Exhibitions aren’t always cooked up in the curatorial mind kitchen. Sometimes they are born of unexpected partnerships and opportunities. The newly opened exhibition Powers Concealed: Egúngúns from Africa and America began with a suggestion.
The NCMA’s Education team was interested in creating immersive, 3-D experiences of NCMA artworks for NCMALearn and wondered if perhaps one of the historical egúngún ensembles could be animated in performance. Since only highly trained priests and specialists are allowed to handle and/or perform egúngúns, and the NCMA objects are too fragile for such animation, this was naturally out of the question. However, as steward of these objects, I decided to take this interesting request to task as a positive opportunity rather than a dead-end “no.” In researching potential community partnerships, I connected with the Oyotunji African Village and Kingdom of South Carolina, who, as it turns out, practice Yorùbá religion and have related masquerade societies, or Egbe Egun. I continued to inform my own understanding of this masquerade, and it became even more meaningful, more relevant, and more widespread than I could have imagined.
But Hang On … What is Egúngún?
Egúngún means “powers concealed” and refers to both the masquerade itself and the embodiment of the supernatural power resident in ancestors. As returned ancestors, egúngúns bridge the living with the spiritual world. Created with layers of sumptuous, paneled fabrics sourced locally and globally, egúngúns typically appear at annual festivals to honor the ancestors and seek blessings for the community. Since ancestors continue to guide and shape us in the present, we honor them when we remember the lessons they have taught us.
“Egúngún is about ancestors, the ones who came before us … The family, the ancestors, are the foundation … Knowing who you are is part of knowing about who your family is and who your ancestors were. If you don’t understand your past, you can’t fully understand your present situation. If you don’t understand your present, then how are you going to navigate to your future?”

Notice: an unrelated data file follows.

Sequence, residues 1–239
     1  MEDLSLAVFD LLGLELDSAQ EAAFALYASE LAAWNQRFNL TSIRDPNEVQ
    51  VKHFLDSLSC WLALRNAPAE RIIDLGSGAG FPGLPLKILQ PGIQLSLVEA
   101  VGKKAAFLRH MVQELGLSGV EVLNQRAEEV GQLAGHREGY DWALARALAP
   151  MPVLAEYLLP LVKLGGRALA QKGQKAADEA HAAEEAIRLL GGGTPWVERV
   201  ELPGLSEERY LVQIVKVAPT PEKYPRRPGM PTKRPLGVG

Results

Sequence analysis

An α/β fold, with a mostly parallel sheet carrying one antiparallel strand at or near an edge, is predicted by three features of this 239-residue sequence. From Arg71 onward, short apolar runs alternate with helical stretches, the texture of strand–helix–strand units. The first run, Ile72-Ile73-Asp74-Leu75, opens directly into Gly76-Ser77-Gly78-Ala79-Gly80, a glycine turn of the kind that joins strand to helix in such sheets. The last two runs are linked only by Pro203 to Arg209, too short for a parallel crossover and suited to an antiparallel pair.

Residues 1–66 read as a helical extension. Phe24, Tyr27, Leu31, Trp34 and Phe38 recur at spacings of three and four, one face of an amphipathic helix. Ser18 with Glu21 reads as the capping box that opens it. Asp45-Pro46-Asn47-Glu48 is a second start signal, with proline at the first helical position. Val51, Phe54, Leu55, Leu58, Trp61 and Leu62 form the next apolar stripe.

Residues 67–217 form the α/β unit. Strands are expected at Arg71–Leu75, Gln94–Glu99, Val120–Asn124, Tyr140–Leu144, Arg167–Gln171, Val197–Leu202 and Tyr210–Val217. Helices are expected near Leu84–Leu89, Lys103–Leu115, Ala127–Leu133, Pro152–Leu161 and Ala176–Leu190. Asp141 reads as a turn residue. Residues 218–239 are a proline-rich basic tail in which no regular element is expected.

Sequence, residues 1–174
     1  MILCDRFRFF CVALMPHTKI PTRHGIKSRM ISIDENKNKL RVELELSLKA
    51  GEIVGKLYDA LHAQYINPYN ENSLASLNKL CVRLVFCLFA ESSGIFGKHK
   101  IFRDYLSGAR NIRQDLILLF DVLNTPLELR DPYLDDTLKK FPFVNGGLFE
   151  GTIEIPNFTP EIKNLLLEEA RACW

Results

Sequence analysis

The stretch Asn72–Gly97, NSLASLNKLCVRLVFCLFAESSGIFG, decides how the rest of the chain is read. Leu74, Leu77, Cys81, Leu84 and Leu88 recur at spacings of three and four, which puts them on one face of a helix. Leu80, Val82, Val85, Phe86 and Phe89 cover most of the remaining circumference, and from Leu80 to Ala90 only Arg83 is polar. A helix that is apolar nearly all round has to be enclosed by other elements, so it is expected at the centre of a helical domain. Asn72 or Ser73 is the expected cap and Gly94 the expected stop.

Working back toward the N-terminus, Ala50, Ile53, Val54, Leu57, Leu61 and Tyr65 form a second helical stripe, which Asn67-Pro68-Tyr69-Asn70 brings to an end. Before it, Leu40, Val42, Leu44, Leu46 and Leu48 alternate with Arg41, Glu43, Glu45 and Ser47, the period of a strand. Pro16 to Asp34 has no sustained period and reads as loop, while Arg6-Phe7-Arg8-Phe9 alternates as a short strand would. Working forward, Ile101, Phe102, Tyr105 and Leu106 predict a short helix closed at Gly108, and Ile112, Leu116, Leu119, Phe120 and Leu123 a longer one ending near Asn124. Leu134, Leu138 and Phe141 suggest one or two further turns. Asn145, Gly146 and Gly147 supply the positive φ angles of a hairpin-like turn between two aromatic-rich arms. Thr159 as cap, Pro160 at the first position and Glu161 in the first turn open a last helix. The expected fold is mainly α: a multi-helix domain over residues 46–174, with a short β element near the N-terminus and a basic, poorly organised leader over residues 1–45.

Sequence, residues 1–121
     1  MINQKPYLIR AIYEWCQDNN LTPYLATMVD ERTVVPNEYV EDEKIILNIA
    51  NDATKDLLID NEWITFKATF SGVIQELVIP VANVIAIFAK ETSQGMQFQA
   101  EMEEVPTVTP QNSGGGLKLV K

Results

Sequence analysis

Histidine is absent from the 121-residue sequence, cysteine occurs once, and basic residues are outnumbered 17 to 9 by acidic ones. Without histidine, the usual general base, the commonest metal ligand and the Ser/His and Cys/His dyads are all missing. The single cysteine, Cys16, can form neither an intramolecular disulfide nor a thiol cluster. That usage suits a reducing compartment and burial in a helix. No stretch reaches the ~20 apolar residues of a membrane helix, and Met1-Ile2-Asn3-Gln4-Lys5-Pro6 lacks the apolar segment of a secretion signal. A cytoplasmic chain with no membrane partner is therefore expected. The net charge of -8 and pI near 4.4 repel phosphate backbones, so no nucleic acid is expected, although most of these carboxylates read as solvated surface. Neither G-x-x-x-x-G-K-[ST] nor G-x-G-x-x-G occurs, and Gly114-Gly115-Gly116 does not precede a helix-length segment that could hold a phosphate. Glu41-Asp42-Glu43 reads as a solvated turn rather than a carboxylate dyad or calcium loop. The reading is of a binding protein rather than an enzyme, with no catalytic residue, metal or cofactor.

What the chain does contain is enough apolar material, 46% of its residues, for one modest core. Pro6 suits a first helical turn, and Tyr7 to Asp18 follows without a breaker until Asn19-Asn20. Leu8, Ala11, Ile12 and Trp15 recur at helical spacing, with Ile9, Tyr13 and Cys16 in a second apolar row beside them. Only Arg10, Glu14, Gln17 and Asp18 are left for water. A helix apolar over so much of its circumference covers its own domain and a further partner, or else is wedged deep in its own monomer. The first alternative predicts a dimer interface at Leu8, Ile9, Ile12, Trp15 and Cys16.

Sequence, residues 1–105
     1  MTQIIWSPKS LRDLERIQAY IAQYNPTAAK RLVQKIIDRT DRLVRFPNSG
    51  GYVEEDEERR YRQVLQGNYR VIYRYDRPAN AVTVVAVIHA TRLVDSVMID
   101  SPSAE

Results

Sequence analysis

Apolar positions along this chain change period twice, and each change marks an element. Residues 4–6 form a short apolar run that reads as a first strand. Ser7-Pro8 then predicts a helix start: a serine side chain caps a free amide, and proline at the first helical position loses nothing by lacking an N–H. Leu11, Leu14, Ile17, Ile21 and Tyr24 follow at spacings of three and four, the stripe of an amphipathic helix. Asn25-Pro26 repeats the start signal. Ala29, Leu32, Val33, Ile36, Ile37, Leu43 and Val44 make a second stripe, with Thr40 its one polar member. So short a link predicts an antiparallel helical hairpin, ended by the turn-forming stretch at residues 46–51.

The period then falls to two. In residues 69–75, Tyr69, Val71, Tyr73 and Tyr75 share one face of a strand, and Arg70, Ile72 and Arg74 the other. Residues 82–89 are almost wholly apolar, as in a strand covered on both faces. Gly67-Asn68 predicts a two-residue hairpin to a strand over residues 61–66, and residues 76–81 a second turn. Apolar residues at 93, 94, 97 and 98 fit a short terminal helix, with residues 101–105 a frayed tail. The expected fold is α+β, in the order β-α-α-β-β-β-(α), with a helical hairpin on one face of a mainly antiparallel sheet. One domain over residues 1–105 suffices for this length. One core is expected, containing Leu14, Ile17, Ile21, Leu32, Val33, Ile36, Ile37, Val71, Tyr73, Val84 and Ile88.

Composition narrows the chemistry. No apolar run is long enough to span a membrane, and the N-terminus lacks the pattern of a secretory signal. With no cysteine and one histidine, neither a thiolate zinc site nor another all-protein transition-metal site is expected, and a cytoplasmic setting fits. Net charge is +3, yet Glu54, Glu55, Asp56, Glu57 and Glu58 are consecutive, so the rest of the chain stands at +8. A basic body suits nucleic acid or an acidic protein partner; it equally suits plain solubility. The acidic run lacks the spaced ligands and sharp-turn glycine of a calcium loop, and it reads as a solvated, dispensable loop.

— Chief Alàgbà Ajeyefa Babatunde Akinsegun and Oloko Oludele, Oyotunji African Village
Though egúngún originated in Nigeria, it is now honored and performed throughout Africa and the world—from the Republic of Benin and Sierra Leone in Africa to parts of the Caribbean and the Americas. Despite its dispersal and various site-specific innovations, egúngún is generally used to mark important moments in human lives, to provide conduits between the living and the departed, to raise funds for community endeavors such as education, and to entertain or instruct—always responding to responsibilities and needs of the present.
A Partnership Is Born
While the NCMA’s 1930s egúngún from Nigeria that started it all was in fact 3-D scanned and modeled for educational purposes, we also took the opportunity to attend Oyotunji’s 2021 Egúngún Festival, which happens annually in May. A team of NCMA staff and videographers filmed the performances and interviewed Oyotunji Egbe and community members. We were so impressed with the four ensembles and performances that we requested to borrow one of them, and the idea for an exhibition began to take shape. However, such ensembles are active with ancestral energy and such a loan was (rightly) refused—the ensemble needed to remain with its community for their own spiritual purposes. Through conversations we were able to commission a copy of the Baba Eleko we saw perform—which honors teachers and students—for our own Education collection. It being owned by the Education Department means it can perform in collaboration with Oyotunji in the future, but it also signaled the beginning of a beautiful relationship. Indeed, along with the performance footage we shot, it is a major component of the Powers Concealed exhibition.